Saturday, February 28, 2015

Author Insides: Joe Clifford, Author of JUNKIE LOVE

Interview with Joe Clifford

Joe Clifford is an editor at Gutter Books and producer of Lip Service West, a “gritty, real, raw” reading series in Oakland, CA.He is the author of the short story collection Choice Cuts and the novels Wake the Undertaker and Lamentation: A Novel.

His novel, Junkie Love, was published by Vagabondage Press in April 2013, and of course we needed to grill him about this breathtaking tale of redemption and his inspiration in creating it while we had the chance.

How did Junkie Love come about? 

That’s a loaded one. The first part is that it is based on the roughly ten years I spent as a drug addict in San Francisco in the 1990s. Even when I was mired in that life, on the darkest of days, I knew there was a story in there somewhere. And not just mine, but that of some amazingly wounded and wonderful people I met, many of whom sobered up (if they didn’t die first) and who are my friends to this day. Except that it isn’t really a story about drugs. It’s a story about growing up and trying to find a place one belongs. The heart of the novel is about a need to be loved; it’s about redemption and reconciliation. And, of course, rock ’n’ roll. It’s very much a book about being an artist and an outsider, and to that end some other authors figure prominently, the biggest probably being Jack Kerouac. I like to joke the novel has taken up half of my life: the first half making the mistakes, and the second half (straightening out and) writing about it. I suppose in the end, Junkie Love, like all novels is concerned with relationships—to ourselves, each other, and to that person we hope to one day become.

Why did you want to share what essentially is your life story?

I’ve always believed the job of the writer is to render the unique universal, and the universal unique. It’s communication. This is what good art is supposed to do: make a connection with another so we don’t have to feel so alone, can glean some meaning and comfort, joy, empathy, whatever you want to call it, from our time here. To me, even though the novel uses addiction and some harrowing settings, the story itself is a classic bildungsroman. It’s Catcher in the Rye. It’s Portrait of the Artist. To Kill a Mockingbird. It is a book about growing up. There are a lot of people—not everyone, but a lot, especially in America—who drag their heels becoming an adult. Part of that is obviously a luxury other places don’t have. But it makes this theme, I believe, pertinent. Crossing from boy to man isn’t neatly delineated, 17 to 18, or even 20 to 21. Sometimes it takes a lot longer than that.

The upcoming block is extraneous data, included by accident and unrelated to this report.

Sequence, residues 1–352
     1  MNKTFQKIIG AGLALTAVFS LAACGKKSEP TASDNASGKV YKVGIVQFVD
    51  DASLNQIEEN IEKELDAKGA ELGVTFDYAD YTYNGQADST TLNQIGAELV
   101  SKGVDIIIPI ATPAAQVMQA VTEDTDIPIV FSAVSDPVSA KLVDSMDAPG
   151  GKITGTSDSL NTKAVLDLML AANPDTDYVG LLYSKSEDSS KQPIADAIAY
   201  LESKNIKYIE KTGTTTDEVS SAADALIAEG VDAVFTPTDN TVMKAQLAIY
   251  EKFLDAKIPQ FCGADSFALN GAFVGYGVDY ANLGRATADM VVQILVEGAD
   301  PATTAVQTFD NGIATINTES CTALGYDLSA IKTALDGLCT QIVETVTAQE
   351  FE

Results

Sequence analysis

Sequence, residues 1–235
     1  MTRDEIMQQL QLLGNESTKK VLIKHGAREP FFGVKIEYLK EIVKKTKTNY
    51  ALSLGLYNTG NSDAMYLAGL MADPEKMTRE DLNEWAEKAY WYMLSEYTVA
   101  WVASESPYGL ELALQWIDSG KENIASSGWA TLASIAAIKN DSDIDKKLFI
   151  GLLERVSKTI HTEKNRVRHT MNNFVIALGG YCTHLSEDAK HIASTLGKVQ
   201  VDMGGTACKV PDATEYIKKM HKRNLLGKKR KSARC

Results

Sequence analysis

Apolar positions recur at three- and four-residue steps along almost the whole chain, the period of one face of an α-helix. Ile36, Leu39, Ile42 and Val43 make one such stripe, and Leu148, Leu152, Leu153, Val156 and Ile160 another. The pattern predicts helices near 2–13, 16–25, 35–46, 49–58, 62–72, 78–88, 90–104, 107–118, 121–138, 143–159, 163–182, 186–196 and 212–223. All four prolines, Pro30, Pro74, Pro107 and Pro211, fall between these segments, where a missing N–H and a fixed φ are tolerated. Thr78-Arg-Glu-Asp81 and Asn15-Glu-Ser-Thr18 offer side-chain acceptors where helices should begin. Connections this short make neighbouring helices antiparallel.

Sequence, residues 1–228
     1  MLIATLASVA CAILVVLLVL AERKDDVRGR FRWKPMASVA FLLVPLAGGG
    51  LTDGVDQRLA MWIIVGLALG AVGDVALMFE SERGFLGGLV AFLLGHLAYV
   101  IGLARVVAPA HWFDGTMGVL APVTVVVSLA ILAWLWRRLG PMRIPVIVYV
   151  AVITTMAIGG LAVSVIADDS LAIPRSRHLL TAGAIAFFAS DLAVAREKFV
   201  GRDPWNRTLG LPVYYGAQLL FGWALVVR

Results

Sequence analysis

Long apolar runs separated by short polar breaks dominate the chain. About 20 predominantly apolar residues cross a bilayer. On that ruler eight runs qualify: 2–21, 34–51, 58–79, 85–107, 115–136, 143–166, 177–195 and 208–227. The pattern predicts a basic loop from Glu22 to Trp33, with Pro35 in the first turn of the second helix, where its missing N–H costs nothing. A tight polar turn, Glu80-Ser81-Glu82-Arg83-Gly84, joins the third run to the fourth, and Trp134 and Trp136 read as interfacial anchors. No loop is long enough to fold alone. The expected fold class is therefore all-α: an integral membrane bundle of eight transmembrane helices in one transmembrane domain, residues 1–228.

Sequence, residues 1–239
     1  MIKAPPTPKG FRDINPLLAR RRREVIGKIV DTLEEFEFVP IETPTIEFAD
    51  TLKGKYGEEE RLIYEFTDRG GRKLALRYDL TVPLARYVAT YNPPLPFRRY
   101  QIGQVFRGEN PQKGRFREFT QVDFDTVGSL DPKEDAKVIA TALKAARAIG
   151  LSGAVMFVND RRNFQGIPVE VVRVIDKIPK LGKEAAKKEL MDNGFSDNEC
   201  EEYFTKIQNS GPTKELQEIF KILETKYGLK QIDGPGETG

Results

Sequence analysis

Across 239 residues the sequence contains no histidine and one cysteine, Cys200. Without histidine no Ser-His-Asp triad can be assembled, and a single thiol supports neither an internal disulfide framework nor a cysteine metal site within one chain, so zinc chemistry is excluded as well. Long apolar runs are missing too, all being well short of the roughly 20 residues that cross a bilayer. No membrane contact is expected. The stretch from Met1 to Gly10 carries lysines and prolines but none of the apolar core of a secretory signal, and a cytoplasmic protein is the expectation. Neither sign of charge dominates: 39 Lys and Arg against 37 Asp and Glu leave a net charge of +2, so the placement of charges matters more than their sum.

What was the hardest scene to write and why?

Probably the very last one. When writing a book, it isn’t always true that the last scene was the last one written. But it is here. The Epilogue was added long after the final draft. Without giving the ending away (not that the book relies on any great twist), that final scene was a goodbye. To someone I cared a great deal about, let down, and can never fully make amends to. That’s a tough burden. And in terms of writing, giving such a scene the proper respect and weight isn’t easy.

Who should read your book?

Everyone! Even though the subject matter can be grim and gritty at times, I tried to invoke and infuse some brevity, some humor (if you can’t laugh, you cry). I didn’t want to write a book about a junkie. I wanted to write a book about someone trying to find his way, who happened to succumb to drugs. And I love language, the rhythm, the cadence, the musicality of words. Much of the novel takes place in San Francisco, and in many regards the city itself is a character. Who should read it? Certainly fans of Kerouac. But honestly the writing itself draws on the hardboiled probably more than the Beats (I write mystery/noir novels, mostly). Raymond Chandler. Hammett. Jim Thompson. And it’s not just a “boy’s book,” either. I mean, the heart of this thing is a love triangle and forbidden love. Wuthering Heights is very present in terms of influence…

What do you hope people take away from your story?